(def m1 (model "M1"

          (package "DataTypes"

            (datatype "int")

            (datatype "string")


           (package "P1"

             (package "P2"

               (klass "C2"

                 (attribute "a1" "DataTypes::int")

                 (attribute "a2" "DataTypes::string")

                 (attribute "a3" "P1::P3::C1"))


               (package "P3"

                 (klass "C1"

                   (operation "op1")


This representation is just Lisp (Clojure) code. It may be executed to create an in-memory AST. It may be saved to disk in this format, then read back in and executed. It is inherently human readable.

It's not magic - model, package, klass etc. are all functions. Calling these functions generates the AST, which is also Lisp code. Each function looks like this:

(defn klass [name & params]

  {:metaclass :class :name name :id (gensym) :visibility "public" :elements (set params)})

Yes - that's right - just a single line of code that returns a map with a nested set of child nodes. 

The generated AST looks like this:

{:metaclass :model, :name "M1":id G__758, :elements

 #{{:metaclass :package:name "P1":id G__757, :visibility "public":elements

    #{{:metaclass :package:name "P3":id G__756, :visibility "public":elements

       #{{:metaclass :class:name "C1":id G__755, :visibility "public":elements

          #{{:metaclass :operation:id G__754, :name "op1":visibility "public":elements #{}}}}}}

      {:metaclass :package:name "P2":id G__753, :visibility "public":elements

       #{{:metaclass :class:name "C2":id G__752, :visibility "public":elements

          #{{:metaclass :attribute:name "a3":type "P1::P3::C1":id G__751, :multiplicity "1":visibility "public"}

            {:metaclass :attribute:name "a1":type "DataTypes::int":id G__749, :multiplicity "1":visibility "public"}

            {:metaclass :attribute:name "a2":type "DataTypes::string":id G__750, :multiplicity "1":visibility "public"}}}}}}}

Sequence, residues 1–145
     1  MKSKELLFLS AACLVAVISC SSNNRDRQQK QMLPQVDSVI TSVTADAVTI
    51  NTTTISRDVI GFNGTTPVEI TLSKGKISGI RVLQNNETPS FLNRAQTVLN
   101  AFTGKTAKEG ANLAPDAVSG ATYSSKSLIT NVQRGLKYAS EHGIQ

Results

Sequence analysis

{:metaclass :package:name "DataTypes":id G__748, :visibility "public":elements

    #{{:metaclass :datatype, :name "string", :id G__747}

      {:metaclass :datatype, :name "int", :id G__746}}}}}

As you can see, there is a bit more complexity in the AST, but not really very much. In particular, there are no frameworks, no design patterns (Visitor etc.), just pure Lisp. The AST is constructed from maps - it is very simple and flexible, and there is no need for an OO representation at all. The transformation from the Lispy UML to AST is trivial.

Similarly, redering the AST as XMI is trivial - just walk the tree and call the appropriate rendering function for each node. We use a polymorphic function called emit-xmi that is dispatched on the metaclass of the node. These functions look like this:

(defmethod emit-xmi :class [params]

  (prxml [:ownedMember { :isAbstract "false" :isLeaf "false" :name (params :name) :visibility "public" :xmi:id (params :id) :xmi:type "uml:Class"

          (map emit-xmi (params :elements))]))

The function uses the Clojure prxml library to emit the XMI. Again, note how simple and direct this is. No Visitors or any of the rest of the Java cruft.

Because the AST is just Lisp, rather than (Java + some framework + some design patterns), constraint, transformation, human readable and action languages are also all just Lisp.

So perhaps we have been missing a trick. Choosing the right tool for the job makes all the difference.

© Clear View Training 2012